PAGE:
Turkish-backed far right militants cut off the water to 400,000 Syrians, including tens of thousands of children, during the coronavirus pandemic, according to reports in eastern Syria. It comes at the worst possible time for people in Syria, including Kurdish and Christian minorities, who are in lockdowns due to the pandemic and now have no water. The area is already threatened by the virus because the international community has cut off aid and does not provide testing for the virus.
The US-backed Syrian Democratic Forces defeated ISIS a year ago in eastern Syria but now millions of people who live in the area lack access to basic needs. Turkey invaded part of eastern Syria in October 2019 after the US withdrew.
According to human rights reports Turkish-backed extremists attacked civilians, executed at least one female politician in an extrajudicial killing and caused up to 200,000 people to be displaced from their homes. The extremists also threatened minority Christian communities who were recovering from ISIS.
Turkish forces occupy parts of eastern Syria near Tel Abyad but Turkey does not provide its occupied areas with many basic needs. Instead local militias are accused of looting, kidnapping and extortion. Over the last six months that has included attempts to cut off water to other parts of Syria.
On March 21 residents reported that water had been cut off from the Allouk station, affecting 460,000 people. The UN and others have recorded the same incident. People in Hassakah, and neighboring villages, under SDF control, now have no water. Some water can be brought by trucks but at a time when the WHO recommends social distancing this increasingly leads to threats of the spread of the virus.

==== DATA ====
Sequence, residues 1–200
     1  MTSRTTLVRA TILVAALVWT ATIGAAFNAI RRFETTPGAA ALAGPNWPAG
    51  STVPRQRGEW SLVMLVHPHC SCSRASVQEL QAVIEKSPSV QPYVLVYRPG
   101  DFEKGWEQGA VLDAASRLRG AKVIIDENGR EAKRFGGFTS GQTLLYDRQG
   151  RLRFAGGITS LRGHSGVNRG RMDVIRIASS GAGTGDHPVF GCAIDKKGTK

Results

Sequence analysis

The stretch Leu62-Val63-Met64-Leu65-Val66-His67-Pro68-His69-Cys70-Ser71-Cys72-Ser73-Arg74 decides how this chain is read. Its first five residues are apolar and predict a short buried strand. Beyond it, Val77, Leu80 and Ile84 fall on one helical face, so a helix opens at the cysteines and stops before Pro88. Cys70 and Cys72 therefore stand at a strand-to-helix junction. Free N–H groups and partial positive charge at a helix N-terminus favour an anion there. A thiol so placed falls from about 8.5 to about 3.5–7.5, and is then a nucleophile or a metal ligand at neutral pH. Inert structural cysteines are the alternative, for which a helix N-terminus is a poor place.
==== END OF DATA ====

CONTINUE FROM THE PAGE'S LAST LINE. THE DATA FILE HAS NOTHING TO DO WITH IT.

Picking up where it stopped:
Turkey has not provided support for areas it occupies during the crises, as coronavirus rapidly spreads in Turkey, leaving Syrian refugees and internally-displaced people, wondering what comes next. The Turkish-backed factions near Tel Abyad now control water supplies to others in Syria that they have switched off.
Turkey, a NATO ally, has not responded to the water shortage and its role in backing groups responsible for it. The Syrian regime does not provide support for Syrians in eastern Syria and with border crossings to Iraq closed due to the pandemic it is unclear how the area will continue to function well amid the crises.
US forces are now stopping movement due to the pandemic and the US is withdrawing from some areas in Iraq as it repositions. ISIS is on the rise and Russia is allegedly pressuring to take control of oil wells in eastern Syria. Turkey has also pressured Russia to cut a deal for a partition of oil resources in eastern Syria as Turkey seeks to get the US to withdraw from more locations.
A year after groups in Eastern Syria, particularly the Kurdish fighters, helped defeat ISIS, they lack even water for their homes during a global pandemic.